The Man in the High Castle

The Man in the High Castle – Philip K. Dick


The TMITHC is an alternate history in which the Axis has won WWII. Dick gives some grim pictures of the “history” since the war. Yet the book is ultimately more positive than negative. As Pete Chvany (on rec.books.phil-k-dick) has pointed out: It has “strong characters with basic moral centers. Tagomi’s decision to free Frank in the face of Nazi intimidation and after recently being forced to kill against his deepest religious principles, is powerful stuff. So is Juliana’s realization that she has to warn Abendsen about the plot to kill him. Bob Childan’s decision not to turn American jewelry into cheap trinkets is a big moment, as he realizes the choices Paul Kasoura offers him and finds a way to take pride in himself, rather than in a lost past.”

Dick has said that he wrote TMITHC with the help of the I Ching (see quotes below), forming hexagrams as he came to junctures in the book. He then put the hexagram in the book text and had the character involved interpret the hexagram (sometimes in different ways) in light of his or her own view of the “moment.”

The final two hexagrams the I Ching gives characters are the same: Inner Truth. Tagomi forms the hexagram first–after killing the SD men. At first he finds no solace in the answer. He tries meditating on a pin that contains Wu, a source of truth in itself, and traverses universes. Juliana seems to “understand” the hexagram immediately.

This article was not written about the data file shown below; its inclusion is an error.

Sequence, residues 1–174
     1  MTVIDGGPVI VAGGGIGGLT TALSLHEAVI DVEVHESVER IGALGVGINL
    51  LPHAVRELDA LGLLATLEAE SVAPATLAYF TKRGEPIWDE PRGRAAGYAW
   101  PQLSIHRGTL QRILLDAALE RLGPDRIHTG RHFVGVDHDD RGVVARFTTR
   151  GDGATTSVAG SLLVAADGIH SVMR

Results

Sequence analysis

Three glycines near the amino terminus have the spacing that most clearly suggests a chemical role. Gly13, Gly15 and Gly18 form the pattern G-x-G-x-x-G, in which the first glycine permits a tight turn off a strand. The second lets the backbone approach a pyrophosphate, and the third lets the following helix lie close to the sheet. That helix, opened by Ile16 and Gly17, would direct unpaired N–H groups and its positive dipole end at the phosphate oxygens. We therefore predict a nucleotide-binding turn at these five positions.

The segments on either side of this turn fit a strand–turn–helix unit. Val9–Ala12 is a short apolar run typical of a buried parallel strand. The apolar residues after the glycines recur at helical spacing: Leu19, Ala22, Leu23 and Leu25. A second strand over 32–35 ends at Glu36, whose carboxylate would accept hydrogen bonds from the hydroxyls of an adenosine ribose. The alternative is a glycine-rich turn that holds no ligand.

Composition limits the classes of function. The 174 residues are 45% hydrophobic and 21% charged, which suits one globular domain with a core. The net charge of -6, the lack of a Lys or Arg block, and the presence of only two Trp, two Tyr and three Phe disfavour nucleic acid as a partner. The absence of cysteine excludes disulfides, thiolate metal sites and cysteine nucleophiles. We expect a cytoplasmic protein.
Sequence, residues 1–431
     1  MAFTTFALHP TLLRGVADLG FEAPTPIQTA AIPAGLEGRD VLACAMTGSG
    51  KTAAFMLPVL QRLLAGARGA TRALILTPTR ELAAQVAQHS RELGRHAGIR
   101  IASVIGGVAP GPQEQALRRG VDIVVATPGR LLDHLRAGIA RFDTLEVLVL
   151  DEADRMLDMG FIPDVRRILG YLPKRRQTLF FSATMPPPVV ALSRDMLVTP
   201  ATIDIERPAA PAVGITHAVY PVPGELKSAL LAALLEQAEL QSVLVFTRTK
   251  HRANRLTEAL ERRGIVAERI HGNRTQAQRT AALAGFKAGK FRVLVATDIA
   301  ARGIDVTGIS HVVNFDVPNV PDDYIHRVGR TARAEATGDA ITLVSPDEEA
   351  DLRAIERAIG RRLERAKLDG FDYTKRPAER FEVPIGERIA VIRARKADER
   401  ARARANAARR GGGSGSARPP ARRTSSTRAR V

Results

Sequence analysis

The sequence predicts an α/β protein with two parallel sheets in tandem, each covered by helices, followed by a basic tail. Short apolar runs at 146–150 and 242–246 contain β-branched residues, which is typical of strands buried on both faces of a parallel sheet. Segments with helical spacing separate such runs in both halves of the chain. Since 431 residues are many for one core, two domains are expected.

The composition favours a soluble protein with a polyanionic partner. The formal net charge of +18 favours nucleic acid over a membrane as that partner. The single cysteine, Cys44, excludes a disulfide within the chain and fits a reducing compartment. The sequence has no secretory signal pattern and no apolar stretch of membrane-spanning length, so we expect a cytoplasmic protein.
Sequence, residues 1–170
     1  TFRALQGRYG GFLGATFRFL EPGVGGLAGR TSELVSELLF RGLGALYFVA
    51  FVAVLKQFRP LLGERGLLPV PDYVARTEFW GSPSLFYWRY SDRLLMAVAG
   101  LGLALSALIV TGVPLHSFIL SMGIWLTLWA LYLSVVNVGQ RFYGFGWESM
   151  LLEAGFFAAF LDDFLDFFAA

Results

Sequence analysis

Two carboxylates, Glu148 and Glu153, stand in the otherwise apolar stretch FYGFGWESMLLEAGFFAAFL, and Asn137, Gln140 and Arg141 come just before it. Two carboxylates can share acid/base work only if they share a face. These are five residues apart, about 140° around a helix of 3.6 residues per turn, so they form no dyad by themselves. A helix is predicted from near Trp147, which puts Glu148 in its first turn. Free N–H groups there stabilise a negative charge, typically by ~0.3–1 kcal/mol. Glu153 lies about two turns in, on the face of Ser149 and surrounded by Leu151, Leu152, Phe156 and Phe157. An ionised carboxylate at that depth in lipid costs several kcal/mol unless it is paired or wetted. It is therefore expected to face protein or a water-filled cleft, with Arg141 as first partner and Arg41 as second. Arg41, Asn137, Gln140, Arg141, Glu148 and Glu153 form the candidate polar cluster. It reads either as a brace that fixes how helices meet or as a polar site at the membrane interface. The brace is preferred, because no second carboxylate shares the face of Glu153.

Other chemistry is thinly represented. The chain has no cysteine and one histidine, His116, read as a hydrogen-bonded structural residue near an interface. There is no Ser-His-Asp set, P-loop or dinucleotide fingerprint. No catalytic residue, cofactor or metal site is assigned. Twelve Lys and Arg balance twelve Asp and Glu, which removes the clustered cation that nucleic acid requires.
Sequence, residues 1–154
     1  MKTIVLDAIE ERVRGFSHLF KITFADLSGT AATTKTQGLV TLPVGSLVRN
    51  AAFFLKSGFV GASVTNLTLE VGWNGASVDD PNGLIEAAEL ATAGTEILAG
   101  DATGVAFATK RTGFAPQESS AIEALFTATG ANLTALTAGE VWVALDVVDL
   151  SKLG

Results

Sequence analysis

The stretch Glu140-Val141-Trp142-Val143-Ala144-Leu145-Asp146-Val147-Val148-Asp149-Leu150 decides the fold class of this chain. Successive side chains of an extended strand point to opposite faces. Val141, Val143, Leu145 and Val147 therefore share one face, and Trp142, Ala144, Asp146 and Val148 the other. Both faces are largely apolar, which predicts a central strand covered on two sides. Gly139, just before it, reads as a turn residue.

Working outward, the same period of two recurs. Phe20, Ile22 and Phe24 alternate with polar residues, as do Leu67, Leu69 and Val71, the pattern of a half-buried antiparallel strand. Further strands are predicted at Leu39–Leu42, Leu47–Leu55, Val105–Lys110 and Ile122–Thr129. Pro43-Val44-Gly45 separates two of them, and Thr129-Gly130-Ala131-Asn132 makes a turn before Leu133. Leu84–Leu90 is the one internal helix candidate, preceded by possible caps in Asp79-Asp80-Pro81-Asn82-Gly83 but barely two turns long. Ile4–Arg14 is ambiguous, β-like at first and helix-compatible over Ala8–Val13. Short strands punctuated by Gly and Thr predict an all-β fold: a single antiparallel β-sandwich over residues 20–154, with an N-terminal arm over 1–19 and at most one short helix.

THE SUMMATION: Only after Tagomi has his heart attack–one he presumably will survive–does he realize he will ultimately understand, in his own way, the answer given by the I Ching. This gives him a sense of peace and hope. Juliana gets the same hexagram and to her it means that the world in Abendsen’s book, The Grasshopper Lies Heavy (also supposedly written with [by] the I Ching,) is true. This also gratifies her as the Grasshopper is a book from which she (and several other TMITHC characters) draws hope and strength.


“Historicity”–a key element in the TMITHC–turns out to be deceptive. Frank, for instance, has been making fake “antique” guns. Wyndam-Matson’s lecture to his girlfriend shows that the “authenticity” [of historicity] lies in a piece of paper, not in the thing itself. By extension from this theme, we therefore can ask ‘Is the universe depicted in Grasshopper any more true than the universe Juliana is currently in?’

It is clear that the universe pictured in Grasshopper is not our universe, as Tugwell is President after Roosevelt, etc. Tagomi visits one reality in which the Japanese are not in power and in which he sees the Embarcadero Freeway (a real place in our universe when TMITHC was written, although the past big earthquake has necessitated that San Francisco remove this structure). The easiest assumption is that the universe he visits is indeed ours. We can therefore see that there are at least three realities described in TMITHC: the novel’s, Grasshopper’s, and the one Tagomi visits. Which is “true?” Are all true? It is difficult to answer these questions.

In sum, the book is basically positive because of the moral decisions made by a number of characters, because Tagomi finds enlightenment {although it is not clear to him or us what this will utlimately mean to him), because Frank is released to go on making real, contemporary American art, and because Juliana discovers that there is at least one “better” universe.